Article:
Bram: recognize this T-shirt? (show T-shirt of the ordinary radicals)

Captain Napkins: yeah

Bram: I guess you know the ‘litany of resistance’, where Shane Claiborne says something like ‘I pledge allegiance to the transnational church that transcends all borders’ or something like that. (losing my words) So, when you’re thinking of Christianity and being part of a country, part of a nation, whatever, Being a Christian and being part of a people, part of a nation, what’s the connection?

Captain Napkins: for me, I don’t consider myself a part of the nation. I just am a part of the

(We arrive at the bar, looking for a good Belgian Beer, and decide to get a Hopus, a rather strong one)

Bram (to bartender): He’s from America, he’ll really appreciate it, he’s the leader of the band who played.

Bartender: yeah, I know man, it was so nice.

Bram: He deserves a hopus, really!

Bartender: yeah man, of course, of course, of course!

Captain Napkins: yeah, we have a lot of Belgian beers in Philly, in Philadelphia, my city where I’m from they love Belgian beers.

Bartender: Belgian beers are the best.

Bram: So, let’s get back to the interview: one of the guy frsom the squat-house where you stayed last time couldn’t be here tonight but he really likes your sound. He said you were the most tight band heever heard. Like one voice playing together, like there’s no ego in the band. How do you do that?

Captain Napkins: Well it’s interesting. I haven’t really, eh

Bram: You’re just tight together without ego’s, like one band with one vision, musically.

Captain Napkins: (thoughtful) Well, if that’s true, well I mean I haven’t head that a lot, it’s a new thing to me actually. But if it’s true, then what makes it happen is that there is a theology to what we’re doing, there is a vision and a mission that.

Bram: A theology?

Captain Napkins: I mean it’s built on a whole thesis, you know.

Bram: I’ve read a short version of it on your website and I’m still waiting for the whole version to be released.

Captain Napkins: Yeah, I need to write it out… that’s what I want to do when I get back from Europe. some more writing. I wrote it long time ago when I was in college. it’s for college, so it’s not, you know, there is a lot that needs to be changed.

Bram: What would you change?

Captain Napkins: Well, not even so much change as I would just add a lot, there is a lot that needs to be added and kinda updated maybe. I still agree with pretty much everything that’s in there, just a lot of things need to be updated…

Bram: Okay, on to something else, and maybe very strange question: what’s the gospel for you as a Christian anarchist? That’s the most important question for a Christian: What exactly is the good news?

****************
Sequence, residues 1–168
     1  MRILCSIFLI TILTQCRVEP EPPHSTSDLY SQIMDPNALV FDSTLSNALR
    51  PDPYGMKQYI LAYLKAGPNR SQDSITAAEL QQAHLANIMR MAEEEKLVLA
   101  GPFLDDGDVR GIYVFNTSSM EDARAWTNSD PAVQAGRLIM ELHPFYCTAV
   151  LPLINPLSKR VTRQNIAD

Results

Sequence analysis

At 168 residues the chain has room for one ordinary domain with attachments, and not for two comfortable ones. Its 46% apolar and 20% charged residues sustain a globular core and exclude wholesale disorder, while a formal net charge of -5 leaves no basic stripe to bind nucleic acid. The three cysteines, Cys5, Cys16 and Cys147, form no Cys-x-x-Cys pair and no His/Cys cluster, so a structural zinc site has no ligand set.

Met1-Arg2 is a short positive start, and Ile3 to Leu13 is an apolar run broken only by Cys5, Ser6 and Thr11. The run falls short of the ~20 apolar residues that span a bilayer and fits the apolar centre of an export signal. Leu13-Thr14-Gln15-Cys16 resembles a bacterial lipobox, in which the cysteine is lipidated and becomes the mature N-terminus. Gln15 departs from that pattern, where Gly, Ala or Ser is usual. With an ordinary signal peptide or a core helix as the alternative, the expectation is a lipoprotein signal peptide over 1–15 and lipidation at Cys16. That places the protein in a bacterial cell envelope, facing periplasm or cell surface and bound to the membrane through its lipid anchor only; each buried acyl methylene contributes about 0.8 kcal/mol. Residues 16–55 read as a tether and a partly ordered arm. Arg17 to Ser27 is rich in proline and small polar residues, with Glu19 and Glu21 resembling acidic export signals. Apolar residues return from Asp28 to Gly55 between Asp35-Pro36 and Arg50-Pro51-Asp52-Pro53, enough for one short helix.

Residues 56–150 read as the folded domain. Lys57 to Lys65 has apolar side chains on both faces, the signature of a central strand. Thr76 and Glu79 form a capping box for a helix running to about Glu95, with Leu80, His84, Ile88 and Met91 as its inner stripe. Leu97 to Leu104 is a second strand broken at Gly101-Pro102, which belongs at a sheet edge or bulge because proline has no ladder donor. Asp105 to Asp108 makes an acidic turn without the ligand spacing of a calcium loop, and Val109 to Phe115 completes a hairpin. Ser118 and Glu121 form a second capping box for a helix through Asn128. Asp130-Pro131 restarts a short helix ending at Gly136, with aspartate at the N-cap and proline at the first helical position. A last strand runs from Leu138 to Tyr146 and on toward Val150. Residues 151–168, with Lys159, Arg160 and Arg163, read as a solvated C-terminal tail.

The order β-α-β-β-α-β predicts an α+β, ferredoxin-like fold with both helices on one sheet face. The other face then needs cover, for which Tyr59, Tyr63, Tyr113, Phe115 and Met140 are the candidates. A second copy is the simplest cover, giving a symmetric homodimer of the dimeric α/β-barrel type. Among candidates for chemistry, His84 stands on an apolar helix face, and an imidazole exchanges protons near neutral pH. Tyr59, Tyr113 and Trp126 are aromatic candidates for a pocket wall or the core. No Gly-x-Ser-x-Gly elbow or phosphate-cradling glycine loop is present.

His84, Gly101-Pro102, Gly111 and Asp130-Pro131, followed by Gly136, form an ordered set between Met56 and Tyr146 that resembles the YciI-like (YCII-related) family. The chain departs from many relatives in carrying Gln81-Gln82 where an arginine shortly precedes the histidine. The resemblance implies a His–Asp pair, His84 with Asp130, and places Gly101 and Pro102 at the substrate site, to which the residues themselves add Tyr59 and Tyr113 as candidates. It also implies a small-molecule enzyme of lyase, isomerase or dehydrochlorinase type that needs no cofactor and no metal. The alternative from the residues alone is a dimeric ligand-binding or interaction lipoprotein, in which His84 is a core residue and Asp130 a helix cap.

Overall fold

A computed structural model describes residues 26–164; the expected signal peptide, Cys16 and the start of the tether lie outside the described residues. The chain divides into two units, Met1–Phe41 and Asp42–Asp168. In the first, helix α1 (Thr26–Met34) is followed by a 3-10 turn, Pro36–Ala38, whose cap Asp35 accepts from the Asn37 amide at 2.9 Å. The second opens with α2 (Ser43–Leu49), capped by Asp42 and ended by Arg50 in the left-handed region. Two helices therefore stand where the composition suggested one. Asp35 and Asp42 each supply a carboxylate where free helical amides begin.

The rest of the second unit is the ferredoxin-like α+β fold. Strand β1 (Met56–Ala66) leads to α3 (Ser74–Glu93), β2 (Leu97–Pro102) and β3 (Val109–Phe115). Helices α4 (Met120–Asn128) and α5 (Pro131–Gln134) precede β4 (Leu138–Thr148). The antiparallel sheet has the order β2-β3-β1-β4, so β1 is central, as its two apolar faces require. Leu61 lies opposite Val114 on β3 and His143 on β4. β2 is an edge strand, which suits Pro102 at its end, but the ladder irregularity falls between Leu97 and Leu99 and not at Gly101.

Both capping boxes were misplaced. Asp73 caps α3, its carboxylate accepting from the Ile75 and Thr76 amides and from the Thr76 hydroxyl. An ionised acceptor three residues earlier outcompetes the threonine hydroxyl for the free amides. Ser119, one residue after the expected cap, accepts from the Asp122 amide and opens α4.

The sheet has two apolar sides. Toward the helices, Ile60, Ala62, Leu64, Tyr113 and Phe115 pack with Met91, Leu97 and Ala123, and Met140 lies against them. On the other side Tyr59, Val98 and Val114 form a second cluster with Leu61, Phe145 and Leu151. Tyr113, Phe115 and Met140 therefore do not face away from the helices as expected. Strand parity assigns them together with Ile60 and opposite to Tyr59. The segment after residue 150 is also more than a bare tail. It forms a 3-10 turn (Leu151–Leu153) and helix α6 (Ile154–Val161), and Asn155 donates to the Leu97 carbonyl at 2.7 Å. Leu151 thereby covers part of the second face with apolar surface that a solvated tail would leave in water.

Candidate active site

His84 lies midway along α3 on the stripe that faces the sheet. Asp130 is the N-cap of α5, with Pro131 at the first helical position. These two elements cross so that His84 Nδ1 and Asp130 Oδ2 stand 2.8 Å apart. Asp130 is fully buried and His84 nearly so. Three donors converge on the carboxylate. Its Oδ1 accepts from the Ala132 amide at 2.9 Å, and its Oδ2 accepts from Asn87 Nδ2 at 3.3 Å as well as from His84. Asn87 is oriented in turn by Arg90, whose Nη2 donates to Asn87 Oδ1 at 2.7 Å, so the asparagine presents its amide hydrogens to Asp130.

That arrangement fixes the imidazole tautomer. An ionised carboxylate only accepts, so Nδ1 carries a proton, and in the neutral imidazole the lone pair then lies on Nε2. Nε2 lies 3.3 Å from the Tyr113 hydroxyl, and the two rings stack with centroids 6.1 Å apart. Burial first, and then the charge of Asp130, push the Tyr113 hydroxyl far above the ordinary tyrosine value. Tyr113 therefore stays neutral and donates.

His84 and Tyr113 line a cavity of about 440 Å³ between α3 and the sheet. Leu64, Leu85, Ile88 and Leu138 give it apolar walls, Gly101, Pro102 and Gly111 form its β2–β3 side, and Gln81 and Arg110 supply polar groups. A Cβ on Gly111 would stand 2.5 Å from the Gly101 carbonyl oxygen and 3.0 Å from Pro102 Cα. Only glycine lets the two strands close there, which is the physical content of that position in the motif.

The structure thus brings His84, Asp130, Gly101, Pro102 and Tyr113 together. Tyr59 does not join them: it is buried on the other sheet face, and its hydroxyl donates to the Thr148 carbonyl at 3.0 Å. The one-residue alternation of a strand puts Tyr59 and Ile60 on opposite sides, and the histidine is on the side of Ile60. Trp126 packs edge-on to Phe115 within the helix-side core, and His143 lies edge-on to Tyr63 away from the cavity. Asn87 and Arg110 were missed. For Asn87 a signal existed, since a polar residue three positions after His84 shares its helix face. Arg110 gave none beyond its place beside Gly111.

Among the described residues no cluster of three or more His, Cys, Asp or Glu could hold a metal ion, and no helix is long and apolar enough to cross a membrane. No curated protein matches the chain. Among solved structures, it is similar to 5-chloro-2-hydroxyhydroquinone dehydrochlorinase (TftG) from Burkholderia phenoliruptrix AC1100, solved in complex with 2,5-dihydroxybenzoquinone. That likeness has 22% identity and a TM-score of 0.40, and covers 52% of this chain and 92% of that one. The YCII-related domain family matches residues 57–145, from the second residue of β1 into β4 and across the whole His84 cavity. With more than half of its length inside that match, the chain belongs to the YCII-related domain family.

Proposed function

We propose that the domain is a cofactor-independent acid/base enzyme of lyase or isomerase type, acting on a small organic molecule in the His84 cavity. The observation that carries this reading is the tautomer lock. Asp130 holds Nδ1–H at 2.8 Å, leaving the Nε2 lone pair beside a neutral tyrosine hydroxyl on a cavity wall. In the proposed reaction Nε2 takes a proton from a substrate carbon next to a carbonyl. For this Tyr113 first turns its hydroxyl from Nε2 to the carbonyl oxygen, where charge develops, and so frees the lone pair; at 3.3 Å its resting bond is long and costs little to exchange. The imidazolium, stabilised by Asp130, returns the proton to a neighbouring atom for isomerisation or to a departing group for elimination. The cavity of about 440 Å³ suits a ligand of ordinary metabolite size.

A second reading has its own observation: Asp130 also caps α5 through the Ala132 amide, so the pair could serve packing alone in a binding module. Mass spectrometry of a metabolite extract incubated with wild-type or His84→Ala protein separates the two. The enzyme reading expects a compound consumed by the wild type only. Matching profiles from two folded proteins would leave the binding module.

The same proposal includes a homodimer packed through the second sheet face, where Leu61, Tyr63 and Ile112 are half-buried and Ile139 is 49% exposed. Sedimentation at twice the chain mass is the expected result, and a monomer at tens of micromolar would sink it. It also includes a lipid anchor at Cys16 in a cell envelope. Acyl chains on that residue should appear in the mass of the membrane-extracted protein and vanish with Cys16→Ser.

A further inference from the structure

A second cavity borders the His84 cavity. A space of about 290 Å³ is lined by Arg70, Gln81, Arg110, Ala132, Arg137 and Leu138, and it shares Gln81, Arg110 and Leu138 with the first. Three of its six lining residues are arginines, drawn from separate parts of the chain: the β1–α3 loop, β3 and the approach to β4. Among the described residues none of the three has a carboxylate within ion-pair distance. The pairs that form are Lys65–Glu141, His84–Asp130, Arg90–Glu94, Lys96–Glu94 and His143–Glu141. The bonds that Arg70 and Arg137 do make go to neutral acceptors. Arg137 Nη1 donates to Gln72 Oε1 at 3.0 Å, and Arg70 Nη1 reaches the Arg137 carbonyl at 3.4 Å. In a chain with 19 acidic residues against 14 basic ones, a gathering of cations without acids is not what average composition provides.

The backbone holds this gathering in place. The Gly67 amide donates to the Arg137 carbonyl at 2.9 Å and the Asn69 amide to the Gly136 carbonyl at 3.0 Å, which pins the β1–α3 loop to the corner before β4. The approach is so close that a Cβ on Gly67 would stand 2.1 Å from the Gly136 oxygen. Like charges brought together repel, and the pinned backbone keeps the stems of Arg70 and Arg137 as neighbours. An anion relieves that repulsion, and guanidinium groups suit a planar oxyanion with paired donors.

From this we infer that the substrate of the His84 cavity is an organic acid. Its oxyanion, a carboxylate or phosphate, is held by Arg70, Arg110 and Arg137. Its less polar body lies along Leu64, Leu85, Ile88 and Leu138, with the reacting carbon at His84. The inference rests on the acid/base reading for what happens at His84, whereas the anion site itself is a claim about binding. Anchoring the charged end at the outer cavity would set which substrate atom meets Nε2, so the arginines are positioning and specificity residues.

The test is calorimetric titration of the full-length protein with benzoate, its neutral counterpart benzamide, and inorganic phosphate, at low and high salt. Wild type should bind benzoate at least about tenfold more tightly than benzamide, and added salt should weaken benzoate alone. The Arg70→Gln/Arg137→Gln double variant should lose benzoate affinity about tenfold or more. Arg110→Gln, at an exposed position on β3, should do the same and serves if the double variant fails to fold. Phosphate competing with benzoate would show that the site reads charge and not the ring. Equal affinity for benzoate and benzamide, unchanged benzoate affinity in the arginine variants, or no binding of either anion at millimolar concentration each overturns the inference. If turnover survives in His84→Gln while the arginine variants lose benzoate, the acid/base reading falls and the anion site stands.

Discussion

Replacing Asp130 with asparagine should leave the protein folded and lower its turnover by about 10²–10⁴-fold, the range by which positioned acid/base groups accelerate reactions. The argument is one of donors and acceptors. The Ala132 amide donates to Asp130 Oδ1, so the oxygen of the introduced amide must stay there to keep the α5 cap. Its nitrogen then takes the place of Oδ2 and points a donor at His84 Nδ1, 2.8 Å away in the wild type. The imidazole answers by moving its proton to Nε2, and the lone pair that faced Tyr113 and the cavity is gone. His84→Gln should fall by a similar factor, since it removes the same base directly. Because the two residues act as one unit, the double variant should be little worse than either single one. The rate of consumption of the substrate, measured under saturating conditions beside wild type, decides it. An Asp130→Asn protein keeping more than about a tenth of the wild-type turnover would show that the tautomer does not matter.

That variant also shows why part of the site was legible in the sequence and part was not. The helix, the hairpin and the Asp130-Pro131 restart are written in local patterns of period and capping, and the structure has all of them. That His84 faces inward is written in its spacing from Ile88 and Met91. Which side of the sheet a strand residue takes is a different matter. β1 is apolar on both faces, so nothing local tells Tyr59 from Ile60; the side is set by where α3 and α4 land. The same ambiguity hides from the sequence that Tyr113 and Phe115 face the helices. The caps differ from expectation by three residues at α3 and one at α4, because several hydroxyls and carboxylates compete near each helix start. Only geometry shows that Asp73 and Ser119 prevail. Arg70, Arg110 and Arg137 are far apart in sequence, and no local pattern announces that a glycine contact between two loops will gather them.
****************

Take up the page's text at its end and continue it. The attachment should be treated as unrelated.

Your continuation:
Captain Napkins: Well, for me it’s about… (pauses) Eh… This might sound a little bit vague, but it’s important to me. When you ask that question I think of how God is love and loved us all into existence. He loves creation into existence and because of that our faith is about being in relationship with God, with each other and with creation. And that’s where anarchy comes in, and that’s where radical justice comes in: because the world fights against creation, the world fights against the Creator, the world fights against relationships. But for me it starts with the idea that God is love, God loved us into existence and God wants us to be in a a relationship with Him, with each other, and with his creation.

Bram: Makes a lot of sense to me. When I hear this I’m reminded of the controversy of Rob Bell’s ‘love wins’ book, so maybe let’s just ask one of the hardest questions of our faith: what do you think about hell?

Captain Napkins: (pauses) Wow, about hell? I actually was just talking to somebody last night about that and, eh, I do think that there is a hell. I don’t really know, but Jesus talks about it a lot, and our scriptures talk about it a lot, and eh… I’m uncomfortable, but at the same time I think that, eh, you know, I don’t know what it is and I don’t know who goes there, but I think that God is all-powerful (pauses) There is this woman, Julian of Norwich, who’s the first woman ever published in English. She is way back in the 12th century and she wrote something like she had a vision of hell, and she wrote something about like “and all is well and all will be well and all matter of things shall be well”. And it was just this, like it sounds redundant, but it was just her saying that God is kinda makes it work. And God makes it right, and God bring the healing but it’s tough how, I don’t know man, I mean it’s too tough.

I’m not one of those people that thinks that people who don’t confess Jesus automatically go there and stuff. I mean, I don’t know who goes there. I’m not one to decide who goes to hell and who doesn’t, you know, I do believe. I don’t even want to say that people definitely go to hell for eternity and all I think maybe that’s something that’s out of our understanding I’m also one to not say that hell does not exist, I think that hell does exist. And I think there is this suffering. there’s this horrible mess that’s out there and I think that there is such a thing as justice. I think that when injustice happens there is a need for retribution.

Bram: Would you say that there is retribution in justice, or just only putting things right and cleaning up evil without taking revenge?

Captain Napkins: yeah, I don’t necessarily believe in revenge, but I think when something evil happens I think that something needs to be made right, and it isn’t simply forgiven. It’s not a matter of like this horrible thing happens and well, it’s just okay now. No, I believe that like, when people, when a whole village is slaughtered by another group of people, that evil isn’t simply forgiven by God, there is a payment for it, there is a suffering that makes it right again.